Sunset dates and termination clauses in off the plan contracts

  • Blog
  • Sunset dates and termination clauses in off the plan contracts
View All Articles

Scroll for more

Buying off the plan traditionally gave buyers a chance to settle later, but at today’s prices. Developers were able to develop a land subdivision or a block of units based on finance enabled by the majority of lots being pre-sold. We have covered off the plan contracts generally before here.

One of the major features of any off the plan contract is the sunset date. This is the date after which the buyer can walk away and get the deposit back if settlement hasn’t happened.

The main reason for a sunset date is to allow buyers to be able to move on and buy elsewhere without being stuck in an endless contract if there are delays in a project.

Queensland law sets the maximum sunset date at 18 months for land, and a very long 5½ years for units.

The parties can agree on a shorter sunset date, and this would be put into the contract. However, the contract often allows a seller to extend the sunset date past the shorter agreed date, if there are delays outside the developer’s control.

Another feature of most off the plan contracts is a clause allowing the developer to terminate the contract. Sometimes, these clauses limit the developer’s ability to do this to specific situations such as the developer being unable to get finance approval for the project. 

However, sometimes you see a clause which allows a developer to walk away from the contract for any reason. The deposit is refunded to the buyer, but this is cold comfort if the buyer has been waiting a long time and has missed other opportunities to buy elsewhere. 

It is not unknown for developers to use these termination clauses to crash a contract and then re-sell the lots for a higher price.

This is especially a factor in a booming property market such as the current one. It highlights the need to get experienced legal advice to enable negotiation and amendment of clauses such as this.

Currently there is a Queensland Supreme Court case in progress where a homebuyer is challenging the validity of the developer’s termination of her contract under the termination clause. There are four buyers involved in separate court proceedings against a Eumundi developer. 

The contract was signed in 2017, and the 18-month sunset clause date sunset date expired in December 2018.

On 16 July 2021, the developer terminated the contract. The property was registered on July 21, 2021, only five days after the 16 July termination.

The developer denies the buyer’s claims that it engaged in “misleading and deceptive” conduct after the December 2018 sunset date.

The Supreme Court of Queensland documents note emails from the developer between December 2018 and early July 2021 on progress updates.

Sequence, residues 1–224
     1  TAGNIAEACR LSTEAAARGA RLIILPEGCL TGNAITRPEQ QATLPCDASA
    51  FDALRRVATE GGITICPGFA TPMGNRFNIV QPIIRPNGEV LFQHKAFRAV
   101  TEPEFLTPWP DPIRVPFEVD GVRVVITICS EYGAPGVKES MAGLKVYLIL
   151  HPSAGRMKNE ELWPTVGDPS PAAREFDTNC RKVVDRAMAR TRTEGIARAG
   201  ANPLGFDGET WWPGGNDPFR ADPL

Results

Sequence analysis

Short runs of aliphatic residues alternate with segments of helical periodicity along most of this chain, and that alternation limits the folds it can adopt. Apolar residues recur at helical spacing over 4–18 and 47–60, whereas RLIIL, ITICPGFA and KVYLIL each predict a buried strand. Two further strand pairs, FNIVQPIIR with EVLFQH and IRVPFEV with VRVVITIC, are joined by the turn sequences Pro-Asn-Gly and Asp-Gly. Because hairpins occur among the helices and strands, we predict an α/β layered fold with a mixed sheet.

The buyer claims she has lost her position in the market after she signed the contract to buy the land in 2017 for $255,000, saying that the block would now be worth $500,000.

The buyer is seeking to force the developer to honour the contract, and is also seeking damages including rent of $15,000.00 paid by the buyer over the delay period.

The developer is defending the claims in court and has said that the termination of the contract was valid and effective.

As lawyers love to say, each case depends on its own facts, but this case is an example of the importance of being aware of your position before you sign a contract.

FC Lawyers are very experienced in giving pre-contract advice. Please let our property law team know if you need any help discussing sunset dates or off the plan contracts by contacting us today!

The information provided in this article is for general information and educative purposes in summary form on legal topics which is current at the time it is published. The content does not constitute legal advice or recommendations and should not be relied upon as such. Whilst every care has been taken in the preparation of this article, FC Lawyers cannot accept responsibility for any errors, including those caused by negligence, in the material. We make no representations, statements or warranties about the accuracy or completeness of the information and you should not rely on it. You are advised to make your own independent inquiries regarding the accuracy of any information provided on this website. FC Lawyers does not guarantee, and accepts no legal responsibility whatsoever arising from or in connection to the accuracy, reliability, currency, correctness or completeness of any material contained in this article. Links to third party websites or articles does not constitute any endorsement or approval of those sites or the owners of those sites. Nothing in this article should be construed as granting any licence or right for you to use that content. You should consult the third party’s terms and conditions of use in relation to any third-party content. FC Lawyers disclaims all responsibility and all liability (including liability for negligence) for all expenses, losses, damages and costs you might incur as a result of the information being inaccurate or incomplete in any way. Appropriate legal advice should always be obtained in actual situations.

WE’RE HERE TO HELP

Prefer to get in touch?

With offices in Brisbane, Sunshine Coast and Sydney, our team is well equipped to provide both advice and support across a broad range of legal areas.

phone-icon
Free call 1800 640 509
  • This field is for validation purposes and should be left unchanged.